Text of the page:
This week I am posting Will Bruder’s excellent essay for the 98th Arizona Town Hall meeting, “Capitalizing on Arizona’s Arts and Culture”.
I’ll be posting the essay in 3 parts. In today’s post, Will defines architecture and the urban fabric.
How does Arizona’s unique architectural character add value to the lives of our residents/visitors and how can the urban fabric of its towns and cities help move our state forward in a distinctive and sustainable way?
In this essay I will address these questions and suggest ways that we can protect and sustain our already unique heritage while embracing the challenges and opportunities of an ever-changing cultural and economic reality.
First a definition of terms to clarify the percepts on which my comments will be grounded.
What is architecture?
The essence of architecture is evident in those structures of human activity that do not merely shelter our bodies but engage all our senses. Architecture challenges our intellect to view the world from a different perspective, a perspective that is grounded in the specificity of time and place. Architecture is a careful balance of the pragmatic and the poetic. It combines that which is functional, logical and efficient with that which is indefinable, inspiring, and unexpected. Architecture is where the most ordinary of materials are configured in ways that transform them to make places of extraordinary resonance and memory…places where small visceral experiences are as significant as big ideas.
Architecture that is conceived to give the instant wow experience too often is only of its time, while architecture that truly aspires to be of its place and time is that which has the potential of becoming the timeless. Architecture should aspire to engage us, to be grounded in a real experience that wells up in us and takes us over, producing the ‘whooshing up’ described by Hubert Dreyfus and Sean Dorrance Kelly in their new book “All Things Shining”. While architecture is always best measured in relation to the scale of the human, architecture must also be appropriate to the scale of the landscape, both natural and manmade, that it inhabits and the velocity of the world in which it exists. Architecture always reflects how a culture views itself. It is a barometer of how a community expresses social change and renewal over time. Architecture is the most fragile of art forms, as evidenced by the many empty lots where buildings once stood in our cities and towns. Yet architecture leaves the most permanent markers of our cultural heritage.
What is an urban fabric?
While we often see the architecture of buildings as the key objects that make great cities, it is really the quality of the pedestrian realm, i.e. the sidewalks, the street edges, the landscape and the spaces between the buildings that make cities enjoyable, accessible and memorable. A sustainable urban fabric preferences people in its scale, texture, level of detail and connectivity, not the velocity of the car. When the urban fabric is strong, neighborhoods evolve and thrive. Cities are but neighborhoods and experiences linked together, like a richly textured and animated three-dimensional quilt.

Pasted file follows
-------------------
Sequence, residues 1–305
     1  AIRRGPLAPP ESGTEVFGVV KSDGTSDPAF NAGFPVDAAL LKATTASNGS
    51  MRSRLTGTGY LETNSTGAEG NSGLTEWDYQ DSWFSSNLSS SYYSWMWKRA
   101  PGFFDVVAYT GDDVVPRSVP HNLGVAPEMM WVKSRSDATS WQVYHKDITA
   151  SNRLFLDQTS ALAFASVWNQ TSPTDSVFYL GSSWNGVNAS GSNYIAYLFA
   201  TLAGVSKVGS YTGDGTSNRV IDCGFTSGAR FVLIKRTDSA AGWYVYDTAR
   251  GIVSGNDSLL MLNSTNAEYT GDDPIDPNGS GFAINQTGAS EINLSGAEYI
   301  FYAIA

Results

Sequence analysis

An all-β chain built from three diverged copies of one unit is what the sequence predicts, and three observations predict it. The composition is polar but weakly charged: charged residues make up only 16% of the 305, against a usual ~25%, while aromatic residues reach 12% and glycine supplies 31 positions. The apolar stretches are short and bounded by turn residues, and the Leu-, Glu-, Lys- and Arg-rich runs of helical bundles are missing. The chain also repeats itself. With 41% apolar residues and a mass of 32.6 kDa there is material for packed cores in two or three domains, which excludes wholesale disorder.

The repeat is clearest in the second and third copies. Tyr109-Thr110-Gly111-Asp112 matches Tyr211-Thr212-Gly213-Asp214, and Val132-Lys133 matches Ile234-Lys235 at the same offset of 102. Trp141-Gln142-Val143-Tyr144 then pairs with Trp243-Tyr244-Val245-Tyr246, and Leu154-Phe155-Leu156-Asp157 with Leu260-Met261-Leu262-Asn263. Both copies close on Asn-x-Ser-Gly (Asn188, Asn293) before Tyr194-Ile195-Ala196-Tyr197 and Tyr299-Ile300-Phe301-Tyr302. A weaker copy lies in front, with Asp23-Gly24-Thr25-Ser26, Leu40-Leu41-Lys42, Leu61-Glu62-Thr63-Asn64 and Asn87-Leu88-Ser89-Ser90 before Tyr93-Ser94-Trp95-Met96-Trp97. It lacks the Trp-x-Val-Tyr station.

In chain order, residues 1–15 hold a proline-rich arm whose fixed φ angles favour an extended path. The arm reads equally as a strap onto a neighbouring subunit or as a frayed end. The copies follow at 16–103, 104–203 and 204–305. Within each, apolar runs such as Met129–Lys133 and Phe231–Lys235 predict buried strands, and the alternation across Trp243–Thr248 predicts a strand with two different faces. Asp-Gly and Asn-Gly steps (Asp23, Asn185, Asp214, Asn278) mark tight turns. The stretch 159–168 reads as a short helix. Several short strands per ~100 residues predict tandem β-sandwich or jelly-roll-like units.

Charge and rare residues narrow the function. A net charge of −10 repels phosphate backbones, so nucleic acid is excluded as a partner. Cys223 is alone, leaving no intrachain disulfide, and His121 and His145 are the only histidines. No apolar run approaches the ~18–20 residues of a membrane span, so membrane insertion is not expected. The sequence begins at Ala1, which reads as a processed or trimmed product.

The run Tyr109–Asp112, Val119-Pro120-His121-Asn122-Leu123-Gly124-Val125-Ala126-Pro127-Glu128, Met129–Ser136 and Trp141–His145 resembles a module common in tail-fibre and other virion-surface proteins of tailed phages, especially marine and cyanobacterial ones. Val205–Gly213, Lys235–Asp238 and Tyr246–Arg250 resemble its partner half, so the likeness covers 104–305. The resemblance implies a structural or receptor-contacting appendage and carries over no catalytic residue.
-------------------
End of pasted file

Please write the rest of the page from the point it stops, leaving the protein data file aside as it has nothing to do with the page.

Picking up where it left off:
To understand where Arizona is as a place to live and visit it is helpful to survey the past century of our built history. This history holds the keys to understanding our identity and offers lessons we must appreciate as we go forward.
Stay tuned tomorrow for a brief history of Arizona’s architecture in part II of Will’s essay…
Photo Credit: A snapshot of the urban fabric of Downtown Phoenix. Photo from Get Your Phx.Tags: 98th Arizona Town Hall, all things shining, architecture, arizona towns and cities, Capitalizing on Arizona's Arts and Culture, cultural heritage, essence of architecture, hubert dreyfuss, human scale, pedestrian realm, sustainable urban fabric, urban fabric, urban sustainability, will bruder
If this is a single essay, why is it being split in three parts, each posted on separate days? Why didn’t you link directly to the source document? The event happened in May, right?
Maybe there’s a great reason for this “in three parts” stuff that I don’t understand, but it seems like a strange way to treat readers.
For others who might want to read the essay as Will wrote it, the whole thing is here, starting on page 76 of this PDF: http://aztownhall.org/pdf/98th_Background_Report.pdf
Hi Paul, thanks for the link to the whole essay. The essay I’m publishing is also as Will wrote it, it’s just split up into three parts due to the length. My blog readers are used to a certain length of posts and I didn’t want to overwhelm them with the entire 2700 + word essay in one post. Thanks to you, though, my readers will have a chance to read the entire essay in one sitting if they wish.
[…] I’ll be posting the essay in 3 parts. In today’s post, which is the second part, Will gives an extraordinary account of the history of architecture in Arizona. If you missed part I, where Will defines architecture and the urban fabric, catch it here. […]
[…] local resources and plug into the sustainability progress happening globally. Make sure to read Part I and Part II of this essay if you haven’t […]